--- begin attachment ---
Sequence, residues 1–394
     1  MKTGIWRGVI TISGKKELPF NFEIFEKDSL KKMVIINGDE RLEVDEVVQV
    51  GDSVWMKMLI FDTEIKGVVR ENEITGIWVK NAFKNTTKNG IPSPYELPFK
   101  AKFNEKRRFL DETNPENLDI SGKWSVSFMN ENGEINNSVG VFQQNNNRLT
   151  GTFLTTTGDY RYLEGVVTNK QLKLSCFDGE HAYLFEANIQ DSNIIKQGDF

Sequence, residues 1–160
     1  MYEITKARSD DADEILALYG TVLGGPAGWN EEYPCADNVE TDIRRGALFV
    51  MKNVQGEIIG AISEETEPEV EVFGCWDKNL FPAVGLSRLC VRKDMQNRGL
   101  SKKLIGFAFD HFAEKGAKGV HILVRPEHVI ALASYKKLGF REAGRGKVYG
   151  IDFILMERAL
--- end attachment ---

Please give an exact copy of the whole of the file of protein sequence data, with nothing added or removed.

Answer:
Sequence, residues 1–394
     1  MKTGIWRGVI TISGKKELPF NFEIFEKDSL KKMVIINGDE RLEVDEVVQV
    51  GDSVWMKMLI FDTEIKGVVR ENEITGIWVK NAFKNTTKNG IPSPYELPFK
   101  AKFNEKRRFL DETNPENLDI SGKWSVSFMN ENGEINNSVG VFQQNNNRLT
   151  GTFLTTTGDY RYLEGVVTNK QLKLSCFDGE HAYLFEANIQ DSNIIKQGDF

Sequence, residues 1–160
     1  MYEITKARSD DADEILALYG TVLGGPAGWN EEYPCADNVE TDIRRGALFV
    51  MKNVQGEIIG AISEETEPEV EVFGCWDKNL FPAVGLSRLC VRKDMQNRGL
   101  SKKLIGFAFD HFAEKGAKGV HILVRPEHVI ALASYKKLGF REAGRGKVYG
   151  IDFILMERAL